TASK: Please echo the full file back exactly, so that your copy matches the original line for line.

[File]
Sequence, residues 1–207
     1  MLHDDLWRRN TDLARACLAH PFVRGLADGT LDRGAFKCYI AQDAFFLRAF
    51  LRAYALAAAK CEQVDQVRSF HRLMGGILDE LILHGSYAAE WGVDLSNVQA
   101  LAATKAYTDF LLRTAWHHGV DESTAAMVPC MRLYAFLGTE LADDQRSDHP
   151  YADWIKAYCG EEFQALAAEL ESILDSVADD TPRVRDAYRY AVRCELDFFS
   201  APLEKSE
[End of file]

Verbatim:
Sequence, residues 1–207
     1  MLHDDLWRRN TDLARACLAH PFVRGLADGT LDRGAFKCYI AQDAFFLRAF
    51  LRAYALAAAK CEQVDQVRSF HRLMGGILDE LILHGSYAAE WGVDLSNVQA
   101  LAATKAYTDF LLRTAWHHGV DESTAAMVPC MRLYAFLGTE LADDQRSDHP
   151  YADWIKAYCG EEFQALAAEL ESILDSVADD TPRVRDAYRY AVRCELDFFS
   201  APLEKSE